It is often said that Autistic people cannot multi-task. I have noticed that I am unable to multi-task in many of the more popular ways, a prime example being having a group conversation, especially one that breaks up into more than one sub-conversation.
However, I can do things like touch typing notes while looking at slides or pages I’m note-taking from while simultaneously taking other notes from a power point at the front of the lecture room (though I could not tell you a single word the lecturer said. That has nothing to do with multi-tasking, though. I never could hear lectures no matter what else I was or wasn’t doing.
In elementary school I realized (after dared by the teacher to come to the chalkboard and do so) that I could write the same sentence forward in Spanish with my right hand and backwards in English with my left hand, simultaneously — slowly, but all my handwriting is slow so the speed doesn’t really count here. My cousin once walked in on me getting some work done in her kitchen one morning, right hand typing one thing on my laptop and left hand typing something different on my iPad and she helped me to realize that my work style is somewhat unusual.
I have met many other Autistics who could engage in interesting combinations of multi-tasking. I’m also reminded of a scene from Mozart and the Whale, a movie based on Mary and Jerry Newport’s book of the same name about their relationship, in which Isabelle (Radha Mitchell’s portrayal of a fictionalized Mary) is shown painting a picture with her left hand (upon which a bird is perched) and composing music with her right hand. In another scene, she says that she wants Donald (Joshua Hartnett’s version of Jerry) to hear her paintings and see her music. The implication seems to be that her multi-tasking comes from a synesthetic place in her brain where the painting and the composing are facets of the same task.
I am beginning to suspect that it is not at all true that Autistics cannot multi-task or always multi-task very poorly. I am beginning to suspect that we have gained that reputation only due to neurotypical forms of multi-tasking being privileged as “normal” while many Autistic forms of multi-tasking are “othered” as freakish or savant splinter abilities. I do not think it is freakish or wrong to work on two computers at once. I find it a very useful way to work. I might have notes on one computer from which I am writing on the other. Or I might be consulting a to-do list on one while I execute it on the other. Sometimes I’m writing on one computer while researching aspects of what I’m writing on the other. And I know I’m not the only Autistic who uses more than one computer simultaneously. I’ve watched Autistics of all ages regularly using multiple computers together, often much more proficiently than I.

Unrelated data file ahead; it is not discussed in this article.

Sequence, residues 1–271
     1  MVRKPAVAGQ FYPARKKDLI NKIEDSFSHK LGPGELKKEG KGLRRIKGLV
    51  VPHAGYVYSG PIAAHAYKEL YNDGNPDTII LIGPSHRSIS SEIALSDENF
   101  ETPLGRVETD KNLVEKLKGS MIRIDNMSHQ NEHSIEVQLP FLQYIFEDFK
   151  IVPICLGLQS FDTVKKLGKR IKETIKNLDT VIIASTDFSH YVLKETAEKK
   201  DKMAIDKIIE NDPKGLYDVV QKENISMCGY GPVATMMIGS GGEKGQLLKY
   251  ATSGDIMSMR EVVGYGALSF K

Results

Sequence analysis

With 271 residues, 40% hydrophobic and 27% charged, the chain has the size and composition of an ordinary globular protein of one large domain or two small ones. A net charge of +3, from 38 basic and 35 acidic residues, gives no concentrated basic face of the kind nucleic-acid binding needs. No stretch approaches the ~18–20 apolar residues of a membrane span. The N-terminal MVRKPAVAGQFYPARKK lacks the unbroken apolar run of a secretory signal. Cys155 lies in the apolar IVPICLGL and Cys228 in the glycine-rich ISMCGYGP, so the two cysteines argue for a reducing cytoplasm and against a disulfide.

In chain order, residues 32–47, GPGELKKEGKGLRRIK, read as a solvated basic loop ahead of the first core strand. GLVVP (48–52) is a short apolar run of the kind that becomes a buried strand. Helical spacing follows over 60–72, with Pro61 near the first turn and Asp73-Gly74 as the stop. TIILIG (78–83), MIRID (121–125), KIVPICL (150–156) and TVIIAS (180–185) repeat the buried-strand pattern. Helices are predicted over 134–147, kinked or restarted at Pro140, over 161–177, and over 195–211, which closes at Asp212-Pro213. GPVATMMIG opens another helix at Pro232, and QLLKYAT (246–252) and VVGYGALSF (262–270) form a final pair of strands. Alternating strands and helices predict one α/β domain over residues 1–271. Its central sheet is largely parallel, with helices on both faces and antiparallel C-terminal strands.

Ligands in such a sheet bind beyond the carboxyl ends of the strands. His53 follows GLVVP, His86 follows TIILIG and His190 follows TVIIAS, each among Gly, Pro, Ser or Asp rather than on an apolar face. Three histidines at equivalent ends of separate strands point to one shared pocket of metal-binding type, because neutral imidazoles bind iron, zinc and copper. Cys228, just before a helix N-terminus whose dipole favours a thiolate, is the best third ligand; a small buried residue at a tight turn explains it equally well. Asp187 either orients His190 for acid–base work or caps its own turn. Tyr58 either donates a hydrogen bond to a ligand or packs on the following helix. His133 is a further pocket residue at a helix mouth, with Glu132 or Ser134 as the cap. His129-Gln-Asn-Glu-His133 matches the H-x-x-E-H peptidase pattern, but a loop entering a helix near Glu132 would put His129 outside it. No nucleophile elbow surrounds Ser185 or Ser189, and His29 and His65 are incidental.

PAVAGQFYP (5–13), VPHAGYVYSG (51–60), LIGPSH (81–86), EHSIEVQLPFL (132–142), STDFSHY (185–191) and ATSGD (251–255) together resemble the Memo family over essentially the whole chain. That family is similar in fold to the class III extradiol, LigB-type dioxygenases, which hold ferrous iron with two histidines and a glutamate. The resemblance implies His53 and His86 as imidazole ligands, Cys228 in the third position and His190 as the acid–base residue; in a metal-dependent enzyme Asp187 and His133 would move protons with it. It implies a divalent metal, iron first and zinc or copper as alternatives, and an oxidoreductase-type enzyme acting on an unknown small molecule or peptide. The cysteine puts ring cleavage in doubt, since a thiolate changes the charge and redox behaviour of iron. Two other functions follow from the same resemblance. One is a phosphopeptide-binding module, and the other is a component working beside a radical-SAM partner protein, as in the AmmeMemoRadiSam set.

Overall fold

So my strong suspicion is that Autistic people can and do multi-task, often quite well. But our means and methods of multi-tasking are quite different and the tasks we are able to multi-task on are so different from neurotypical multi-tasking that we have been described by many, if not most, researchers and writers as being unable to multi-task at all. Obviously, some of us are better at some kinds of multi-tasking than others (for example, not all of us are able to integrate our sensory inputs and multi-task among them sufficiently rapidly to safely operate a motor vehicle.) But I would argue that everyone has difficulty with some types of multi-tasking that come easily to most others. And I know from observation that many Autistics multi-task delightfully in some areas while not at all in others.
Elmindreda unintentionally backs up my hypothesis with an article discussing the sensory issues underlying an apparent lack of multi-tasking ability when it comes to a one-on-one conversation in a café. As explained, the difficulty is not due to a lack of multi-tasking ability but rather to so many of the aspects of a chat over coffee being things that come automatically to neurotypicals but Autistics must actively work for. With so much cognitive overhead being taken up by these tasks that are not automated in us, we appear to lack multi-tasking when in reality we actually are multi-tasking as hard as we can, just to keep up. As Camus said, “Nobody realizes that some people expend tremendous energy merely to be normal.”
Eileen Parker writes about being poor with multi-tasking but the actual description of what is happening looks more like autistic inertia — trouble figuring out how to get tasks started — than a trouble with multi-tasking. Half her to-do list cannot be done, the other half is too unrelated. Plus she admits that she keeps adding things to the list before she’s even decided what to do about the things already written down. Multi-tasking, as I understand it, is less about making a pie and going to the post office at the same time as it is about making a pie and a roast and some vegetables and some rolls at the same time, arranging them to all be finished at the proper time for a coordinated, hot meal. I can do this latter type of multi-tasking but I usually have to look over the tasks first and perhaps even make a timeline showing when each action in the kitchen must occur.